What Character Means to Me

I am starting to think it is no coincidence that I am tasked with writing this blog a few days before Father’s Day. When I think of the people closest to me with the strongest sense of pure moral character, I have to admit that I think of three amazing fathers in my life: Marshall Dexter Crabtree (aka “Grandpa Crabtree”), whom I never really got the chance to know, but I have heard plenty of stories to give me enough evidence of his unflinching moral character; my dad, Simon Bookout (of course my mother Paula, too, but I’m going for a pattern here with these fathers and I have a feeling she’ll understand – another mark of strong character); and my husband, David Christie. When I distill my own personal definition of strong moral character into what I believe to be its basic elements, I realize that each of these amazing fathers has embodied them all day, every day, throughout their lives. I am so lucky to have them in my life as examples when I need to find the strength to summon my own true character instead of turning to the easiest, most selfish, or most popular path ahead of me.

Grandpa Crabtree demonstrated an absolute sense of what is right and generous and compassionate, even when his choices flew in the face of popular opinion. My dad has shown complete and utter selflessness day after day, living his life and doing everything for his family – even if it means taking his grandchildren to Island Fin Poke Bowl to eat raw fish instead of his preferred Cracker Barrel for some dependable green beans and pork chops. And finally, my own husband demonstrates character every day by demanding absolute excellence of himself in everything he does: teaching hesitant students about the beauty of epic poetry, mowing the lawn twice to get it just right, and baking interminable loaves of sourdough bread to achieve the perfect texture and color. Even when he hits a brick wall of rejection in his personal or professional life, he picks himself up and keeps going, over and over and over again. Like a once jagged, bumpy stone worn smooth and shiny by the ocean after years and years of pounding and jostling on the grainy sand, the pressure and bumps and bruises along the way are what created the noble characters of these men and made them beautiful.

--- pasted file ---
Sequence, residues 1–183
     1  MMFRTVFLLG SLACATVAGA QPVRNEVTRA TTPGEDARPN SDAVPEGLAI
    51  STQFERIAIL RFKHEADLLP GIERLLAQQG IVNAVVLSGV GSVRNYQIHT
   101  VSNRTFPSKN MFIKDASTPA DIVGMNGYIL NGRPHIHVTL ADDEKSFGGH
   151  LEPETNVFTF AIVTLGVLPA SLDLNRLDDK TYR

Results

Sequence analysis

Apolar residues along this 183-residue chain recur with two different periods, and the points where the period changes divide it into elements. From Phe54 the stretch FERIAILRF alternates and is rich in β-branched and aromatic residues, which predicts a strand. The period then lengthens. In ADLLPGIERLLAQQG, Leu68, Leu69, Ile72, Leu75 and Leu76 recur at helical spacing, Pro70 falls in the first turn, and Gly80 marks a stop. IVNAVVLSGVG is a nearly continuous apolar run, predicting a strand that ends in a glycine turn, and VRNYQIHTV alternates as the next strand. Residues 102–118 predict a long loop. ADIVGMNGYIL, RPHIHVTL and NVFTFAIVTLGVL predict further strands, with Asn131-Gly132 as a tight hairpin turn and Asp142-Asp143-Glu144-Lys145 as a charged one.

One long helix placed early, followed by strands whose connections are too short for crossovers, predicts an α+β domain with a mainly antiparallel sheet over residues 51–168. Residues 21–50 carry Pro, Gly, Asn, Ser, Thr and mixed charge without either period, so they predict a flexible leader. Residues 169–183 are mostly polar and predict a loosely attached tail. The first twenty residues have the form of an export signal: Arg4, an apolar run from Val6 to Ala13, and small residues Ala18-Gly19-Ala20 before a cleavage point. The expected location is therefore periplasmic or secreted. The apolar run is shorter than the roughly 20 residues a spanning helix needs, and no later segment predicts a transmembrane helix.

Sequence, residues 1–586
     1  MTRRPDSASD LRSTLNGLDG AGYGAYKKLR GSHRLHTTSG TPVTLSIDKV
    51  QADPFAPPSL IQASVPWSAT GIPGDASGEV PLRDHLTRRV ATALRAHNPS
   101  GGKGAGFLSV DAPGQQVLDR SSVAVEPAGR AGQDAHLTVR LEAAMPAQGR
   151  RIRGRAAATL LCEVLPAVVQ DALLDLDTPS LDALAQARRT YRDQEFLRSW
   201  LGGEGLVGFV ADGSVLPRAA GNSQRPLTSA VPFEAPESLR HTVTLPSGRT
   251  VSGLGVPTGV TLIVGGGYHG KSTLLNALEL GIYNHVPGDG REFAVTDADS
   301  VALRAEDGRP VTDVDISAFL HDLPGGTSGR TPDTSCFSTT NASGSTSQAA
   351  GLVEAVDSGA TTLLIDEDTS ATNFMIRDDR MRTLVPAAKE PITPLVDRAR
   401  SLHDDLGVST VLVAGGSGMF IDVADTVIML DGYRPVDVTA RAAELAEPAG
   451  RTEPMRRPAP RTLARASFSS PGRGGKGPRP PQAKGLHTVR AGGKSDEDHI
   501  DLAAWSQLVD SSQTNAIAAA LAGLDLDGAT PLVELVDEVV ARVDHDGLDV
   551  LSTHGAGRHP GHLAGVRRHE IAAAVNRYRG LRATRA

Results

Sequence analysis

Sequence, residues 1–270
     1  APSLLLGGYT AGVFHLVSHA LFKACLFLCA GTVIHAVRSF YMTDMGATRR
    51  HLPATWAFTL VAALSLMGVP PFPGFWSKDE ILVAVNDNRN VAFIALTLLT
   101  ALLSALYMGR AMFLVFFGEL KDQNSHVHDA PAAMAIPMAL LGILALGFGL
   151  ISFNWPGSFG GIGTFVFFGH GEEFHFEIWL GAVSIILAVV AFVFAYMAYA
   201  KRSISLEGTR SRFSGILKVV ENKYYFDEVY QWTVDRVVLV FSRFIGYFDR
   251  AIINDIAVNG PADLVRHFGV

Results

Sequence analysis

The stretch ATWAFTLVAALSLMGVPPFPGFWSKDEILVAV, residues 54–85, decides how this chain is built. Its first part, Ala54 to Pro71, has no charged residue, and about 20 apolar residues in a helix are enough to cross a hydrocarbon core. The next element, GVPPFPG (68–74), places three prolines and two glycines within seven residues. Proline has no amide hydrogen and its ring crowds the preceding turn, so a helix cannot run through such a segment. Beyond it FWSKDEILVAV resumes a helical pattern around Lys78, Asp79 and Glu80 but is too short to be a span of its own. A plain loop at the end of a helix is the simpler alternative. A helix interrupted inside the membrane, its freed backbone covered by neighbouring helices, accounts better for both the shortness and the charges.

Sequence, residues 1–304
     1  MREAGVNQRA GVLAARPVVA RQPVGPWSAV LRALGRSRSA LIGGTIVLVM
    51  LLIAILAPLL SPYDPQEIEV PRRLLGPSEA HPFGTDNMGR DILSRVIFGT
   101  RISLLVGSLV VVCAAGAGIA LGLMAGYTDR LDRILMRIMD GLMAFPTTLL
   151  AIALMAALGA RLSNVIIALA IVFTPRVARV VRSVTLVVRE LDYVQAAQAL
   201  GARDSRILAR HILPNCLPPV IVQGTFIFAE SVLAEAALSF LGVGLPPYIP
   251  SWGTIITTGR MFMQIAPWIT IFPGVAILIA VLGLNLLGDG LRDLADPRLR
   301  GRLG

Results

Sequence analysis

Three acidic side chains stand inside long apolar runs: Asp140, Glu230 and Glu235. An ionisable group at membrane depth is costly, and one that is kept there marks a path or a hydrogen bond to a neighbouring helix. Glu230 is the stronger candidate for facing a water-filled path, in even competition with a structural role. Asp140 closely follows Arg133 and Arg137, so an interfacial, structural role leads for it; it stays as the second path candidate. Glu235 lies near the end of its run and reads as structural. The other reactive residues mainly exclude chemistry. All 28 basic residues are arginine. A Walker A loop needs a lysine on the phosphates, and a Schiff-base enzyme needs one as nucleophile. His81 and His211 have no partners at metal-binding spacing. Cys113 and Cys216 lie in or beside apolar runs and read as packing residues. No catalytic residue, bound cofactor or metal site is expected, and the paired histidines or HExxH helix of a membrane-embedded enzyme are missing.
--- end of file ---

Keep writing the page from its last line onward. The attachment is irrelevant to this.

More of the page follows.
I cannot illustrate more personal details about what these men have endured and overcome in the creation of their characters – for they would be profoundly embarrassed by any public form of adulation (yet another mark of strong character – they don’t think they deserve any kind of excessive praise just for doing what is right and good and true), so I must turn to my other favorite source of character education: literature.

Some of my favorite literary characters have provided humanity – for decades or even hundreds of years – with some of the best representations of strong moral character, challenging us as readers to ask ourselves, if faced with the same situation, what would I do? What choice would I make? SPOILER ALERT From the beloved Owen Meany who throws his tiny body in between a grenade and innocent children, simultaneously realizing the providential purpose of his strange life, to the noble scoundrel Sydney Carton in A Tale of Two Cities sacrificing his life for friendship and love, to young Huck Finn, who proclaims that he will help Jim escape to freedom, even if it means he’ll go to hell as Widow Douglas believed, these characters listened to the true voice of goodness and love inside themselves, and when the voice called, they answered. I carry my grandfather, father, and husband – along with these fictional characters – in my heart and wonder to myself, when that voice calls to my character, will I listen, and what will I choose?

About The Author

Amy Christie, M.A.